So if that is something that you would like, just go to the website, go to frommilitarytomillionaire.com/va-realtor/ or just reach out to me on Instagram or Facebook, whatever, I'll send you the link, or you can find it on the resources page of the website. But look, all it is is a way to help connect you with an agent who's gonna hook you up. No, I don't charge a fee for you know, I don't charge a fee for the agent. It's just a way to hook you guys up at the end of the day as a buyer, you're not going to pay for a realtor anyway. So Tada, it's magic, you might as well use one. As far as a VA lender, I've got a really good one that I work with, and know very well, there's several others that are pretty good. And I'll probably try to steer you away from some companies that I just don't think are very reputable or have been very helpful. So you know, if this is a service that sounds good to you for free 99 then reach out. And if not, then enjoy the show right now.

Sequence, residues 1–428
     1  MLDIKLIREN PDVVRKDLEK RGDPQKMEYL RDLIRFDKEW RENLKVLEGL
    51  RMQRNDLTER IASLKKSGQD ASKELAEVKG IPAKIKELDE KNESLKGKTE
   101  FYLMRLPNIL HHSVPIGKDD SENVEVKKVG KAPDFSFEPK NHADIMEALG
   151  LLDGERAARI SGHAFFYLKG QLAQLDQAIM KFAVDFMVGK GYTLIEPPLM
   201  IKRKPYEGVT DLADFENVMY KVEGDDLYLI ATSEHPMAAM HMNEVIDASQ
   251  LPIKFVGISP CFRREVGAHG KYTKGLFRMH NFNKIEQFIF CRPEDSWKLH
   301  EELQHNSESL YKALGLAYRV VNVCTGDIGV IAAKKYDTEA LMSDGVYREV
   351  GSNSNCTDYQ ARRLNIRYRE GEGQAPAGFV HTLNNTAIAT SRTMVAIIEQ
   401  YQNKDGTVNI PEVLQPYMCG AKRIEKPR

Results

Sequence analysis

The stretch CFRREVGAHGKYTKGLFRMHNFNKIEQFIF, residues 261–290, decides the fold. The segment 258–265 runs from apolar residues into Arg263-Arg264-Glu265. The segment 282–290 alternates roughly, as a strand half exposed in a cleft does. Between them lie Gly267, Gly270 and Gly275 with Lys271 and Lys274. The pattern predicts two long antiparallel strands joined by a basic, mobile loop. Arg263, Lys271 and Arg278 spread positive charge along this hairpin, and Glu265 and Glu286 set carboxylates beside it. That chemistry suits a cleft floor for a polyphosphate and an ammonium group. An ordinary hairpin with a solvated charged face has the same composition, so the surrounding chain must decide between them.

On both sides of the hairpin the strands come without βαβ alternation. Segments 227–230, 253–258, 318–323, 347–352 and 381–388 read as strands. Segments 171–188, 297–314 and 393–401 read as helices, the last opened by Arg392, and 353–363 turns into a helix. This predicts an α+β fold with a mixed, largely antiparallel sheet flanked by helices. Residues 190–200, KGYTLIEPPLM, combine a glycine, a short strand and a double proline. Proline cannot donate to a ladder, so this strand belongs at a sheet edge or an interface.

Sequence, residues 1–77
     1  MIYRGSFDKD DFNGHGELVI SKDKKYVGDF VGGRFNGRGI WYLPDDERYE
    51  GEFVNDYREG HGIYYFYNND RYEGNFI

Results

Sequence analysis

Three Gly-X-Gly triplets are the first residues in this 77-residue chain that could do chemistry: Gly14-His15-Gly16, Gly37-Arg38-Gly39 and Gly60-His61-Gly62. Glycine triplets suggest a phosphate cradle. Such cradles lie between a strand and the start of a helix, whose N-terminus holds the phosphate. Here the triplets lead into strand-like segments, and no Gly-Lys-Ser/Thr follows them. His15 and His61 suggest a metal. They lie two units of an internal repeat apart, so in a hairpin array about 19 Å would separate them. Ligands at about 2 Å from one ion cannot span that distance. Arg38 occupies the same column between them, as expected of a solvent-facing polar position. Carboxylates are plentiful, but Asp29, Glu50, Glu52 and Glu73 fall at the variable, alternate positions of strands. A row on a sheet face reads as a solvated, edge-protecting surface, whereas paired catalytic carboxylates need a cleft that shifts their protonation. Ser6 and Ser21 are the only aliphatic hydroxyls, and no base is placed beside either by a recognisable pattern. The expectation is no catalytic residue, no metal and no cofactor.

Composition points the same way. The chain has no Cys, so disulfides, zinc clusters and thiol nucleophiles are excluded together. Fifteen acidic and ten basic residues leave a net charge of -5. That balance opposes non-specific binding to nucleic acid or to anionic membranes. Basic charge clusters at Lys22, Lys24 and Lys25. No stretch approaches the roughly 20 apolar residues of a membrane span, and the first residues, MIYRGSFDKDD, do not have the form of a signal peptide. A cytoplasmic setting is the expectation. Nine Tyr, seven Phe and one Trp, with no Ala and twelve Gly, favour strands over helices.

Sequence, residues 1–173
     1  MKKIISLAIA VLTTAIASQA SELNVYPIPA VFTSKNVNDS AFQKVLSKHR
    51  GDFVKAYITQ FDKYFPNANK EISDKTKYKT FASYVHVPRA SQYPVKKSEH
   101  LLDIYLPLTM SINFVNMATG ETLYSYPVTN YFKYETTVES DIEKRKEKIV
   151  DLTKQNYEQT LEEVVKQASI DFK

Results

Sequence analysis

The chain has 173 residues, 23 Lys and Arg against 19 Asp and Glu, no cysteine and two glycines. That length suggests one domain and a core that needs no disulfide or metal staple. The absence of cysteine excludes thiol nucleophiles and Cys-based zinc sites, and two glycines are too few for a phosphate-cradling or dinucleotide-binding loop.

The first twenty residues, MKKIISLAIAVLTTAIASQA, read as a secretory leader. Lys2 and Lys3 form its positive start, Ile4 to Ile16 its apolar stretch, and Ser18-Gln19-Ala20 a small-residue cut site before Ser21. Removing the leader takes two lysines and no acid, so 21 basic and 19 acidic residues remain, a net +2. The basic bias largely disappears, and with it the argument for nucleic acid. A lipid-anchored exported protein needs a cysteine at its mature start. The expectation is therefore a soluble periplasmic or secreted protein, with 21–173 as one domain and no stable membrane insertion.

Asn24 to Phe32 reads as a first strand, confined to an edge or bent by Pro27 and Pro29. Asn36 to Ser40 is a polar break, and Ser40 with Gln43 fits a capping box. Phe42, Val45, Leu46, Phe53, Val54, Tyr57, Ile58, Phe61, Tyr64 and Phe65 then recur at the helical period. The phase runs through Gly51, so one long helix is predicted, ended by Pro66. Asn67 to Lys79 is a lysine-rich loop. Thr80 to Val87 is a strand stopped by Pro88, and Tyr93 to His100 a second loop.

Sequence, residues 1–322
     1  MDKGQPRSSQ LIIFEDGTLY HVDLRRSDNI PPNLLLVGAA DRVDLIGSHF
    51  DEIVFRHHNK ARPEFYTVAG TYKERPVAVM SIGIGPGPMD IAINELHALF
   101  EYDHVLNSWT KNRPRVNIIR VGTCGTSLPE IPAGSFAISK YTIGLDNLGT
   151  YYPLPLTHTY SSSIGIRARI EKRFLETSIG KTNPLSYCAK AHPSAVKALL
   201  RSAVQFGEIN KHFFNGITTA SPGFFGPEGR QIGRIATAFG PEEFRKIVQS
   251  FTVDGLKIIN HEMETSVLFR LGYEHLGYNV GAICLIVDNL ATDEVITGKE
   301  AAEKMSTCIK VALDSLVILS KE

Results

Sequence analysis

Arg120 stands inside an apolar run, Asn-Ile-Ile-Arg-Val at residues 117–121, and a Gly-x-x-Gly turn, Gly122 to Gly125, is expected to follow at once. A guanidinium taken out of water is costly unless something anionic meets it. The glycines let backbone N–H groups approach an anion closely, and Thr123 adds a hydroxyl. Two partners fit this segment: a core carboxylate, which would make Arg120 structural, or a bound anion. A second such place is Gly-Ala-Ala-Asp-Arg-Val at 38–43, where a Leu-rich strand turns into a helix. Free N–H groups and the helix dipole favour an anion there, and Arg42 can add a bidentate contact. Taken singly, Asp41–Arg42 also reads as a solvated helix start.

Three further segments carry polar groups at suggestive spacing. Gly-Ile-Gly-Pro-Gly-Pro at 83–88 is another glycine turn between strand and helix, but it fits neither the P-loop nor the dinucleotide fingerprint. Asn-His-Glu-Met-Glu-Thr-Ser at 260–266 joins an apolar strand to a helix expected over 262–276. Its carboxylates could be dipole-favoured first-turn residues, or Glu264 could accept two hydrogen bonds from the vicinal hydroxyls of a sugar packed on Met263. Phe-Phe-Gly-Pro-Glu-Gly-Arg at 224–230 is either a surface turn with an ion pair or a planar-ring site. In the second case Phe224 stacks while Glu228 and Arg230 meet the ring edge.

David:

JL thanks for joining us today.

JL:

Well, I'm glad you reached out when you did. I'm delighted to be with you.

David:

Why don't you, can you give a little bit of your backstory for the audience just so they can get to know you.

JL

Sure, as you mentioned, my name is JL Collins, I started a blog with the highly creative name of JLCollinsnh.com. And there's a reason for that. I look at my blogging buddies who have actually creative names for their blog, and I look at that with envy. But when I started mine in 2011 it was simply a way to archive information that I was writing down for my daughter who was then in college and I had managed to turn her off to all things financial by pushing it too hard. And so I was faced with the task of writing this stuff down. So that would be available in case I wasn't around. In fact, she likes to tease me now and you know, says Dad, if I'd listened to you, there would be no blog, there would be no book there would be no Chautauqua, which is the annual events that we take people on so, so I guess sometimes if you have a kid who doesn't listen to you, it can turn out alright.

Alex:

You owe her now.

JL:

I owe her big time. And she's not shy about reminding me.

Alex:

I'm curious how long was the blog going on before it turned into a book? What's that? What was that like?

05:00 - 10:00

JL: